When there are examples of women ministering in Acts and Paul (you know the drill--Priscilla, Phoebe, Junias...) and Paul lays down the principle that men and women are equally sons of God, when Acts 2:17 puts the prophesying of women as a sign of the age of the Spirit, verses are at hand for us to find "clear" on the principles.  We know the original context impacts how we apply some verses.  When #1 is so overwhelming, what perversity would lead us to see 1 Timothy 2:12 as the clear verse, when the principle of the kingdom is at hand?

3. We know where it's headed.  In the kingdom, there will not be marriage.  Women will not be "given" to men (Mark 12).  In other words, there will be no differentiation of gender authority in the kingdom.  If we can move things closer to the kingdom now, especially when it is makes overwhelming sense, why wouldn't we?

4. No verse prohibits a woman from leadership over men in general.  I'm arguing for complete egalitarianism, but I want to start by separating out the argument.  The household codes of Colossians, Ephesians, and 1 Peter have to do with, well, the household.  They are about the relationship between wives and husbands.  I believe the most likely interpretation in fact of all the notorious women passages in the New Testament fall into this category.

a. The only OT passage that explicitly subordinates wives to husbands is Genesis 3.  This is a consequence of Eve's sin.  Since Christ atoned for all sin, this is not a good argument for anything.  You could argue that it is built into the creation but, as in #1, this is simply not the case.  Naturally speaking, many individual women are regularly more intelligent, more spiritual, and have greater capacity to lead than many individual men.  "Let's stick with the Fall when we can transition to the kingdom."  That makes no sense at all.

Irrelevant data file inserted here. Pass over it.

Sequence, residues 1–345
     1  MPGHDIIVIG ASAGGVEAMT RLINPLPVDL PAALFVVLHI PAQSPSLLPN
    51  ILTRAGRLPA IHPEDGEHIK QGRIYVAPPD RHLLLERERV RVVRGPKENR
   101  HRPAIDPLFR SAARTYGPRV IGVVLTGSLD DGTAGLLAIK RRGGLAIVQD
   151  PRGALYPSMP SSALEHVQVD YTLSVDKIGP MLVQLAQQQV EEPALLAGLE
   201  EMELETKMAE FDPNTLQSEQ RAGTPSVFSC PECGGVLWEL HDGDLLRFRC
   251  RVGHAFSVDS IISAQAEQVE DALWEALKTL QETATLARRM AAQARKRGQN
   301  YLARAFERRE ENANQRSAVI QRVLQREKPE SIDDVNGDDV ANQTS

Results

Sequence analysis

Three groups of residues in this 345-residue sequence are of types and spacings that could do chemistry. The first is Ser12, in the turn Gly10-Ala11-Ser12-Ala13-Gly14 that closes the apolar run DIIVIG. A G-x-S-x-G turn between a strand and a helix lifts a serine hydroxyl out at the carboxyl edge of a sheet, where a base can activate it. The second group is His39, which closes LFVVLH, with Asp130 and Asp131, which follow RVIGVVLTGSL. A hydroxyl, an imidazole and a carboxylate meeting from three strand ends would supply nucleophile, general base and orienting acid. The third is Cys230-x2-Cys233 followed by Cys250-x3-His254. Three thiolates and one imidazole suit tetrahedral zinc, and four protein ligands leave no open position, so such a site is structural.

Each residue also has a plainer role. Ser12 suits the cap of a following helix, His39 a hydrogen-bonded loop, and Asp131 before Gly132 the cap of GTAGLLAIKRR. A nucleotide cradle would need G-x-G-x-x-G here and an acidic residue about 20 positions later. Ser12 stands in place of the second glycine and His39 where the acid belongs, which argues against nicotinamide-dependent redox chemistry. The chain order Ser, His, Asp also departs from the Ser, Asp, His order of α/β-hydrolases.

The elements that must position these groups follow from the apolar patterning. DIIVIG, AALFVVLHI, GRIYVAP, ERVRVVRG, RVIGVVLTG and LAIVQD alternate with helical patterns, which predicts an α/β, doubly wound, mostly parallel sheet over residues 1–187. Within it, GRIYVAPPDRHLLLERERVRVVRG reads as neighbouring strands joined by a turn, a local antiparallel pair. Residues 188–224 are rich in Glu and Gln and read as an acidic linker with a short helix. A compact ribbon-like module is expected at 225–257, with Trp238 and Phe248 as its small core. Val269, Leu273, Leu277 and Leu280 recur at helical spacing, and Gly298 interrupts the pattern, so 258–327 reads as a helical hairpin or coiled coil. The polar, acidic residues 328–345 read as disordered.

b. I'll assume for the sake of argument that 1 Corinthians 14:34-35 were originally in 1 Corinthians (there is an issue).  "Let them ask their own husbands at home."  Mention of the Law and subordination.  OK, we're talking about wives here.

But what kind of talking are we talking about here?  In 1 Corinthians 11, women prophesy in church.  They are to veil their heads to show they are under their husband heads.  So apparently, whatever silence 1 Corinthians 14 is talking about is not spiritual speech but disruptive speech.  They are asking questions, questions they should ask their own husbands... rather than someone else's?

Whew.  I'm glad I have an answer for that verse, because #1 is really making me sweat.  I mean, I don't think God is stupid, but it's really hard to see any intelligence in the "men can only fly the plane because they have a penis" argument.

What's even more important about 1 Corinthians 11 is that wives are both speaking for God to a congregation while also being in proper relationship to their husband-head.  This implies that subordination of a wife to a husband does not preclude women in spiritual leadership.

c. When we then see that 1 Timothy 2 is likely also talking about the husband-wife relationship, we reach our first egalitarian goal.  We see that the Bible does not prohibit a woman from taking leadership--spiritual or otherwise--over men in general.  We of course see women even in supreme leadership in the Bible.  Huldah is the supreme spiritual authority in 2 Kings 22.  Deborah is the supreme "political" leader in Judges 4-5.

1 Timothy uses words for man and woman in 2:12-15 that normally mean husband and wife when they are used in close proximity.  Adam and Eve were husband and wife, and they are the supporting argument, both in terms of birth order and who was deceived.  Wives are the ones who have babies.  The relationship that 1 Timothy uses to support its instruction is thus framed in terms of a husband wife relationship.

I can't think of any verse that prohibits women from leading men in general elsewhere--the subordinate issue is always a husband-wife issue.  I'm frankly puzzled that so many interpreters of this verse can't see it.  It's pretty obvious if you're thinking like people thought in the first century.

Whew.  I'm glad I have an answer for that verse, because #1 is really making me sweat.  I mean, I don't think God is stupid, but pretty much anyone on the street is going to think he is if he sees genitals as the secret to competent leadership.

5. The real issue is thus the husband-wife relationship.  With the previous point, there is no more argument against allowing those women whom God calls into leadership to take any role to which God calls them.  "What if their husband-head disagrees?"  Then he'd better repent because he has to obey God first.  His soul is in danger.  We have to be wise in the working out of principles.  Sometimes the gospel is hindered when we are unbending--even when we are right!